The history of the name Lidbeter dates back to the ancient Anglo-Saxon
culture of Britain. It is derived from a member of the family who worked as a worker in lead. Further research showed the name was derived from the Old English words lead
meaning literally "he who beats lead." Metallurgy was not an advanced art in the Middle Ages; the metal in modern cutlery is far harder and has more resiliency than that in the best sword in medieval times. It was a common sight during a battle in the early Middle Ages to see a soldier hit someone with a sword, then put it on the ground and step on it to straighten out the bend it had just acquired. Lead was a popular metal to work with thanks to its malleability, making it easy to work. Of course, its toxic properties were not known; in fact, its sweet taste led to its use in antiquity as a condiment in some places, though usually not for long. Lead was commonly found in jewelry as a metal mixed with gold, and in pewter, an amalgam of lead and tin, used for drinking cups and cutlery. This made the occupation
of leadbeater an important one in the Middle Ages.
Early Origins of the Lidbeter family
The surname Lidbeter was first found in Durham
where they held a family seat
from very ancient times, some say well before the Norman Conquest
and the arrival of Duke William at Hastings in 1066 A.D.
Early History of the Lidbeter family
This web page shows only a small excerpt of our Lidbeter research.Another 241 words (17 lines of text) covering the years 1221, 1250 and 1328 are included under the topic Early Lidbeter History in all our PDF Extended History products and printed products wherever possible.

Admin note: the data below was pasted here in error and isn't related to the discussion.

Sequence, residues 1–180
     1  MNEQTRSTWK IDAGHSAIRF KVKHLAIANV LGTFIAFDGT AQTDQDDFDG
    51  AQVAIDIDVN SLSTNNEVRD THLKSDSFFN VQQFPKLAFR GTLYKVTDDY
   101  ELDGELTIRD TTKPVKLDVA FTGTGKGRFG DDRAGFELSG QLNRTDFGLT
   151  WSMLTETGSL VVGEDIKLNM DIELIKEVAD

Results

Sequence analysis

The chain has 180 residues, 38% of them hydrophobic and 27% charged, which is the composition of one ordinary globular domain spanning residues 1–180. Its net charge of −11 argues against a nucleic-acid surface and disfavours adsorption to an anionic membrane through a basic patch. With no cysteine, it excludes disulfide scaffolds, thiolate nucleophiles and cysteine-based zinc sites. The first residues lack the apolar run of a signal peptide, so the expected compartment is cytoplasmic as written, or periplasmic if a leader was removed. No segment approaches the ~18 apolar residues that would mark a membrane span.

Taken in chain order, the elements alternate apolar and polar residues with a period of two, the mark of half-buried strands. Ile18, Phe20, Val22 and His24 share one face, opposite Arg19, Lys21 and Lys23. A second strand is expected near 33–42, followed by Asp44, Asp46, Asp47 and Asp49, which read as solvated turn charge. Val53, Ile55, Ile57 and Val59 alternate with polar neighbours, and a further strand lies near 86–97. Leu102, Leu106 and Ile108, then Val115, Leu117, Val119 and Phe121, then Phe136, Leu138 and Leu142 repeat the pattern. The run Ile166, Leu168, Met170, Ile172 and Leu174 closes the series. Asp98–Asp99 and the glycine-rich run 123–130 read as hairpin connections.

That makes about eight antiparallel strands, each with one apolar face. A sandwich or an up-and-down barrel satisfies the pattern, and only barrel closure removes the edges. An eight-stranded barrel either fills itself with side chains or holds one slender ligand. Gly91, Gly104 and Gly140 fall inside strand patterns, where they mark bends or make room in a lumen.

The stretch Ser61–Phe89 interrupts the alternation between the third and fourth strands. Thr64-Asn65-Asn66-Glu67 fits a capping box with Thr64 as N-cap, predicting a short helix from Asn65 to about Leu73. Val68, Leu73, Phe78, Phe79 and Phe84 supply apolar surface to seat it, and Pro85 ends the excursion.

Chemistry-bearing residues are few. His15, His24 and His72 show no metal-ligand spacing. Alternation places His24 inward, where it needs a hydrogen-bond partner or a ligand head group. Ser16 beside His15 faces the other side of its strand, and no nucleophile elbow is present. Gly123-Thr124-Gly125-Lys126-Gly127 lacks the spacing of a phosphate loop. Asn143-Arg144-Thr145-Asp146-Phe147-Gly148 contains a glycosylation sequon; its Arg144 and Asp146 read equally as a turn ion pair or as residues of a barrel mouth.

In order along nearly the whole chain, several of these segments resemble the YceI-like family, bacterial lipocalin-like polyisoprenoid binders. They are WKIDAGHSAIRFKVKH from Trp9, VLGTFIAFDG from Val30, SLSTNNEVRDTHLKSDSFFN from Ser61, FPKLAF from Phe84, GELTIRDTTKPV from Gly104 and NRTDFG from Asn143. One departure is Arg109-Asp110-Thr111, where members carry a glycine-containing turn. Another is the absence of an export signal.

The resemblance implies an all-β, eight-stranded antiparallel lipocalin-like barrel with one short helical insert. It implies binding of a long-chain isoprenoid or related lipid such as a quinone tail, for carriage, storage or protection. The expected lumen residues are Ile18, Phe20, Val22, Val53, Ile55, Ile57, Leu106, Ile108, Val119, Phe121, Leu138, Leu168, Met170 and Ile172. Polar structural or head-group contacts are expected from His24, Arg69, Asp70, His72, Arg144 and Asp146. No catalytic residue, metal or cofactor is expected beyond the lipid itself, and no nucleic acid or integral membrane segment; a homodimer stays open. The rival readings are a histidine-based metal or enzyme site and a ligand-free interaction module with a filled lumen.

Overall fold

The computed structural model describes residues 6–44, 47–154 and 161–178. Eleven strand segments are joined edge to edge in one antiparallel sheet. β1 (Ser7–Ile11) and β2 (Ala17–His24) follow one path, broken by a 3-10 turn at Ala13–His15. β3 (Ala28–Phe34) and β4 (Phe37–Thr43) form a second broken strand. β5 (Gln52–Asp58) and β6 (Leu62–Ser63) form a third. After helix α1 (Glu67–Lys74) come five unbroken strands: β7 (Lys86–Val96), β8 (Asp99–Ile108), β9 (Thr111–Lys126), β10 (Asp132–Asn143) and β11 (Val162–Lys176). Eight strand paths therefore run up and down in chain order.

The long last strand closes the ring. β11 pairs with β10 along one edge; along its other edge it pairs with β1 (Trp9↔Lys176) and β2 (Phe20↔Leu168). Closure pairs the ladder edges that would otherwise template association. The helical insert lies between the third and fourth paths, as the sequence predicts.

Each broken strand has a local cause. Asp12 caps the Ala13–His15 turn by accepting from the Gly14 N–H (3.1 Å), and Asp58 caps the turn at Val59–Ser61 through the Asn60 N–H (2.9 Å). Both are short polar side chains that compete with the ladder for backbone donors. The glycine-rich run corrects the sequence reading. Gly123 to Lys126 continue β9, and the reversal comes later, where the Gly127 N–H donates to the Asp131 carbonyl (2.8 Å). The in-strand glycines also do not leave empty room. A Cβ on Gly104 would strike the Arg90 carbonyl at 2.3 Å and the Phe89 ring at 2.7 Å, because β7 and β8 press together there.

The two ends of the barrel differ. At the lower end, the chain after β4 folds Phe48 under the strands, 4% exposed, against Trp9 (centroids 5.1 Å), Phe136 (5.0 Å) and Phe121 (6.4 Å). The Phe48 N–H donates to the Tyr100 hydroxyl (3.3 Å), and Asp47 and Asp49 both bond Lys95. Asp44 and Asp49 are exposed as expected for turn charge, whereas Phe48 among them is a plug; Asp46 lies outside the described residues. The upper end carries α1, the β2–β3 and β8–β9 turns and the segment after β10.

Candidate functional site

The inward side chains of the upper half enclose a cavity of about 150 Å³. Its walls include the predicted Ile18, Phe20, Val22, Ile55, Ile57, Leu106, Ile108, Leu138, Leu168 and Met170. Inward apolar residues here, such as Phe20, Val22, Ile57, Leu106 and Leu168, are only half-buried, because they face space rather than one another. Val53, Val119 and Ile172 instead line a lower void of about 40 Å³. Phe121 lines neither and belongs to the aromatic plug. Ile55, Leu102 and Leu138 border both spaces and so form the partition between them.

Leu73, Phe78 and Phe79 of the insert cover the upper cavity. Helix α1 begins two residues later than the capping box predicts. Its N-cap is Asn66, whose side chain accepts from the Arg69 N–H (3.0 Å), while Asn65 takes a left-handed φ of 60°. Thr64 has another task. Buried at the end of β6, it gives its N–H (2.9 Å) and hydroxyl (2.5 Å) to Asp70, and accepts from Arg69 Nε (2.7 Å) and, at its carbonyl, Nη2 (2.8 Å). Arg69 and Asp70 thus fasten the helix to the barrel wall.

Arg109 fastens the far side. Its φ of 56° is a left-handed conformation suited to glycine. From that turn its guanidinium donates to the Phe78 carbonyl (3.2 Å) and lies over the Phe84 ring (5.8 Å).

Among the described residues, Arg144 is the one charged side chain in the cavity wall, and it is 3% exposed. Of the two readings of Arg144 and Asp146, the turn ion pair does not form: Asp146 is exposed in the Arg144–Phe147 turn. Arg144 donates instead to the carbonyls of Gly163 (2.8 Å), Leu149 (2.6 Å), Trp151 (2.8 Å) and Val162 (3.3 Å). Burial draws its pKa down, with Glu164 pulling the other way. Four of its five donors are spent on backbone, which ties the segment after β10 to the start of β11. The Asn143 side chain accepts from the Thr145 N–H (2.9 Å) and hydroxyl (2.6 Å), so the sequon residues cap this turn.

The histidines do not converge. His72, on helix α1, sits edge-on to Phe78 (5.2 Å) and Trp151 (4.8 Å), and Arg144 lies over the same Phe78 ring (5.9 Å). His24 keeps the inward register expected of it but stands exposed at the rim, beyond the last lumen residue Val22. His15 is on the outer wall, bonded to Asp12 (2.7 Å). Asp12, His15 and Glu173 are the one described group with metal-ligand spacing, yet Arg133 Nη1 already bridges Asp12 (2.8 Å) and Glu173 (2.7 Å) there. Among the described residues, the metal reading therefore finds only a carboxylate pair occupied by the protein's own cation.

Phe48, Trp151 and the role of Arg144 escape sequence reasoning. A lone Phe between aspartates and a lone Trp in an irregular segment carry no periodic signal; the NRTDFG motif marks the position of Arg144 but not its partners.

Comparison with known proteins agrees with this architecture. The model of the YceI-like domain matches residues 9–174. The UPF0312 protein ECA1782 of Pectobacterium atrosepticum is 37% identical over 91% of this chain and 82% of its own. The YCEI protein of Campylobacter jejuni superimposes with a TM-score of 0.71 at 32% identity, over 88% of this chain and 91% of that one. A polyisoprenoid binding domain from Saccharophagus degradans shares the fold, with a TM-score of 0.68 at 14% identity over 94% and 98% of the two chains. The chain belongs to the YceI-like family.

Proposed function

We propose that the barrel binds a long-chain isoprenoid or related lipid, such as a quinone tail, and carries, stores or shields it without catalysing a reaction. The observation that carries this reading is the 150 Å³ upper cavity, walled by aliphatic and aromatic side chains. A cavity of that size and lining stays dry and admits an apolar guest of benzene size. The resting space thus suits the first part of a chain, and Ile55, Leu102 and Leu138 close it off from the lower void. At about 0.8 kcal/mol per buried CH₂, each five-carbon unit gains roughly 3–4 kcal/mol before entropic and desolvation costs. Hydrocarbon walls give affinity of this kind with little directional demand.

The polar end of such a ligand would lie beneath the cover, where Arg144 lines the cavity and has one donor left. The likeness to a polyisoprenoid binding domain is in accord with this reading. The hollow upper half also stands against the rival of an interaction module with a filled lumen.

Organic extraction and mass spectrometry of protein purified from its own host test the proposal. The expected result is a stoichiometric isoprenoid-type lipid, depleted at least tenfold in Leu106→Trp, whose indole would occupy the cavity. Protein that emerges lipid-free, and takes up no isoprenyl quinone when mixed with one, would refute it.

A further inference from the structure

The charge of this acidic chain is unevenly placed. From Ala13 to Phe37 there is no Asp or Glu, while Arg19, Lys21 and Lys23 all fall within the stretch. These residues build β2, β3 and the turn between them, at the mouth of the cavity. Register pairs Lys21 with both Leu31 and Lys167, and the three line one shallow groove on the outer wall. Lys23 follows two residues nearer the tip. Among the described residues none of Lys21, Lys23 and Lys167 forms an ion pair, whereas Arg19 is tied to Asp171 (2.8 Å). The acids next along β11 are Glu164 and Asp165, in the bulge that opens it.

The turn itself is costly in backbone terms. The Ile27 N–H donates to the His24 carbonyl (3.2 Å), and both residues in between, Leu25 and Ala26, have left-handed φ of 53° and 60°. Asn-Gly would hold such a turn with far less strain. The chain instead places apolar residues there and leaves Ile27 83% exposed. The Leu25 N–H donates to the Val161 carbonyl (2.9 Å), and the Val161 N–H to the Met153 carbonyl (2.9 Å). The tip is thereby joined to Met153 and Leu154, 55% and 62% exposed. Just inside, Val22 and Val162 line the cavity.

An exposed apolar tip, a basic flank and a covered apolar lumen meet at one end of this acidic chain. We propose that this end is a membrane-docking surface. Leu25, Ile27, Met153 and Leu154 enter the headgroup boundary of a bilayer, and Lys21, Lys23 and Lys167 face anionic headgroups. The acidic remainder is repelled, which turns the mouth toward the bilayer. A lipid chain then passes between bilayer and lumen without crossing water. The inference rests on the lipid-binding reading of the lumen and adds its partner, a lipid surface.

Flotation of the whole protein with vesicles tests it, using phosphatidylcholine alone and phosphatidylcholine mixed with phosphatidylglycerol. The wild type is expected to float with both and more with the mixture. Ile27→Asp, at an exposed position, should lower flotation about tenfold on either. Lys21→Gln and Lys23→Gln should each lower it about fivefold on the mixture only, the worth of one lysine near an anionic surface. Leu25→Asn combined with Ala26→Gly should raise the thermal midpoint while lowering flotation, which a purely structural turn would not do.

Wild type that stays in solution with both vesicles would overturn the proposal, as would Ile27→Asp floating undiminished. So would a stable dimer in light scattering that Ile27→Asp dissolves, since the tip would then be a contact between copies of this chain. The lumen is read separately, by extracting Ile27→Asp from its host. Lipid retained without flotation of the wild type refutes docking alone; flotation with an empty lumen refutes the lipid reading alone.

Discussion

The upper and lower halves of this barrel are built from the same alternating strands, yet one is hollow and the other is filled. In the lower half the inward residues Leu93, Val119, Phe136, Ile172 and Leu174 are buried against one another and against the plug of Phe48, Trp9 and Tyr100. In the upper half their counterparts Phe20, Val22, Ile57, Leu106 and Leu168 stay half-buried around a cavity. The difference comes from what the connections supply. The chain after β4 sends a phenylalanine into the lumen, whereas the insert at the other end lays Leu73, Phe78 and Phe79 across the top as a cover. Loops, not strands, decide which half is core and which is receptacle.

Lidbeter Spelling Variations
Only recently has spelling become standardized in the English language. As the English language evolved in the Middle Ages, the spelling of names changed also. The name Lidbeter has undergone many spelling variations
, including Leadbetter, Leadbater, Leadbeater, Leadbeter, Leadbetter, Leadbitter and many more.
Early Notables of the Lidbeter family (pre 1700)
More information is included under the topic Early Lidbeter Notables in all our PDF Extended History products
and printed products wherever possible.
Migration of the Lidbeter family to the New World and Oceana
To escape the unstable social climate in England
of this time, many families boarded ships for the New World with the hope of finding land, opportunity, and greater religious and political freedom. Although the voyages were expensive, crowded, and difficult, those families that arrived often found greater opportunities and freedoms than they could have experienced at home. Many of those families went on to make significant contributions to the rapidly developing colonies in which they settled. Early North American records indicate many people bearing the name Lidbeter were among those contributors: Albert Leadbeater settled in Philadelphia in 1848; Ann Leadbeater settled in Annapolis in 1725; John Leadbeter arrived in Philadelphia in 1811; T. and R. Leadbater arrived in New York in 1822..